Molecular Breeding

, Volume 34, Issue 2, pp 537–548 | Cite as

Use of VeraCode 384-plex assays for watermelon diversity analysis and integrated genetic map of watermelon with single nucleotide polymorphisms and simple sequence repeats

  • Padma Nimmakayala
  • Venkata Lakshmi Abburi
  • Abhishek Bhandary
  • Lavanya Abburi
  • Venkata Gopinath Vajja
  • Rishi Reddy
  • Sridhar Malkaram
  • Pegadaraju Venkatramana
  • Asela Wijeratne
  • Yan R. Tomason
  • Amnon Levi
  • Todd C. Wehner
  • Umesh K. Reddy
Article

Abstract

Watermelon (Citrullus lanatus var. lanatus) is one of the most important vegetable crops in the world. Molecular markers have become the tools of choice for resolving watermelon taxonomic relationships and evolution. Increased numbers of single nucleotide polymorphism (SNP) markers together with simple sequence repeat (SSR) markers would be useful for phylogenetic analyses of germplasm accessions and for linkage mapping for marker-assisted breeding with quantitative trait loci and single genes. We aimed to construct a genetic map based on SNPs (generated by Illumina Veracode multiplex assays for genotyping) and SSR markers and evaluate relationships inferred from SNP genotypes between 130 watermelon accessions collected throughout the world. We incorporated 282 markers (232 SNPs and 50 SSRs) into the linkage map. The genetic map consisted of 11 linkage groups spanning 924.72 cM with an average distance of 3.28 cM between markers. Because all of the SNP-containing sequences were assembled with the whole-genome sequence draft for watermelon, chromosome numbers could be readily assigned for all the linkage groups. We found that 134 SNPs were polymorphic in 130 watermelon accessions chosen for diversity studies. The current 384-plex SNP set is a powerful tool for characterizing genetic relatedness and for developing medium-resolution genetic maps.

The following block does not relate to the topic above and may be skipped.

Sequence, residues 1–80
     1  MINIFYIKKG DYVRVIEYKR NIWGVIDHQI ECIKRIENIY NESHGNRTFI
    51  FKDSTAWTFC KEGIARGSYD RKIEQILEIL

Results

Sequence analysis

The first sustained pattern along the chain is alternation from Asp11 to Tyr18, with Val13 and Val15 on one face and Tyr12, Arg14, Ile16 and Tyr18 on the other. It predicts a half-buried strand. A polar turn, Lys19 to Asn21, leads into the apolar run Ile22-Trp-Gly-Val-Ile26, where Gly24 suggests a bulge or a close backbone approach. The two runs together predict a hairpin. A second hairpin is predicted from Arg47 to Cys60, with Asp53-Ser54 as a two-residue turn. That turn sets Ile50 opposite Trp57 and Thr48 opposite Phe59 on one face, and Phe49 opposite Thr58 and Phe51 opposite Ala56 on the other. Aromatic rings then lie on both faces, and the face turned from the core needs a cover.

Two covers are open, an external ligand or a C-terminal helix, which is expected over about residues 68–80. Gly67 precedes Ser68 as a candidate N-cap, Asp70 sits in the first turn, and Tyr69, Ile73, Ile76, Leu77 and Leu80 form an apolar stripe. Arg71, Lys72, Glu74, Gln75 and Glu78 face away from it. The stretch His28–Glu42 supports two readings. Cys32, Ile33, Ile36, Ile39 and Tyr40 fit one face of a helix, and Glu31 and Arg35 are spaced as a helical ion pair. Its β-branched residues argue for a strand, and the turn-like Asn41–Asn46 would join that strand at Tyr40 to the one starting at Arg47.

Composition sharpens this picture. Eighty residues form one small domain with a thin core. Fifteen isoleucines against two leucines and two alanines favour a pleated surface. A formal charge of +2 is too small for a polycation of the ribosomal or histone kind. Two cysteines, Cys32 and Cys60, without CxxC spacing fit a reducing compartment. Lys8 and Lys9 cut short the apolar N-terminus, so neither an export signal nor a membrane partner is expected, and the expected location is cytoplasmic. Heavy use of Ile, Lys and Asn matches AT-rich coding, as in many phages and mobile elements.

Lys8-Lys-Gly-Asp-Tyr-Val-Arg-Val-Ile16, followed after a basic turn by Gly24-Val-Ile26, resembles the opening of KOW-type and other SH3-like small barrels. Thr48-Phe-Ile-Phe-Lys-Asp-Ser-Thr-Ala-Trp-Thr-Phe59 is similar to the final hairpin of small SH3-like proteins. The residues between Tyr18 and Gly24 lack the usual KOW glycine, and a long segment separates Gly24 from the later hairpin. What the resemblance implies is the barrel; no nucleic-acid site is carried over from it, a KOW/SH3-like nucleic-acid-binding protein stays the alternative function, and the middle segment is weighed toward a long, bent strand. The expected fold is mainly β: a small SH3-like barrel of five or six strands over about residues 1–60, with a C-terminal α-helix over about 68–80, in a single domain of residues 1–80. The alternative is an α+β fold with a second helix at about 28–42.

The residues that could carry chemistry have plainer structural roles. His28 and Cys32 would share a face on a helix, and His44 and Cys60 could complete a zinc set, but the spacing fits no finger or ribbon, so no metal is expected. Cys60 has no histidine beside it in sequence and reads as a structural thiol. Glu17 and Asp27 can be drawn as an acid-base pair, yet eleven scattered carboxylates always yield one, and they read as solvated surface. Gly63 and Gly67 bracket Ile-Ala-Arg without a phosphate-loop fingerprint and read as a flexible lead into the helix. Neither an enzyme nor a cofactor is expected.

Keywords

SNPs High throughput genotyping SSRs Genetic mapping Watermelon Cultivar diversity 

Supplementary material

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Supplementary material 1 GO annotation for biological processes (PNG 44 kb)
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Supplementary material 2 GO annotation for at molecular functions (PNG 38 kb)
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Supplementary material 3 GO annotation for cellular contents (PNG 46 kb)
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Supplementary material 4 Neighbor-joining phenogram depicting diversity of watermelon accessions (TIFF 10102 kb)
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Supplementary material 5 PCA of the first 2 components of African cultivated watermelon collections (TIFF 131 kb)
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Supplementary material 6 (XLSX 14 kb)
11032_2014_56_MOESM7_ESM.xlsx (61 kb)
Supplementary material 7 (XLSX 61 kb)
11032_2014_56_MOESM8_ESM.xlsx (21 kb)
Supplementary material 8 (XLSX 20 kb)

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Copyright information

© Springer Science+Business Media Dordrecht 2014

Authors and Affiliations

  • Padma Nimmakayala
    • 1
  • Venkata Lakshmi Abburi
    • 1
  • Abhishek Bhandary
    • 1
  • Lavanya Abburi
    • 1
  • Venkata Gopinath Vajja
    • 1
  • Rishi Reddy
    • 1
  • Sridhar Malkaram
    • 1
  • Pegadaraju Venkatramana
    • 2
    • 3
  • Asela Wijeratne
    • 4
  • Yan R. Tomason
    • 1
  • Amnon Levi
    • 5
  • Todd C. Wehner
    • 6
  • Umesh K. Reddy
    • 1
  1. 1.Department of Biology, Gus R. Douglass InstituteWest Virginia State UniversityInstituteUSA
  2. 2.BioDiagnostics, IncRiver FallsUSA
  3. 3.Douglas Scientific LLCAlexandriaUSA
  4. 4.Molecular and Cellular Imagining Center, Ohio Agriculture Research and Development CenterOhio State UniversityWoosterUSA
  5. 5.U.S. Vegetable Laboratory, ARSUSDACharlestonUSA
  6. 6.Department of Horticultural ScienceNorth Carolina State UniversityRaleighUSA

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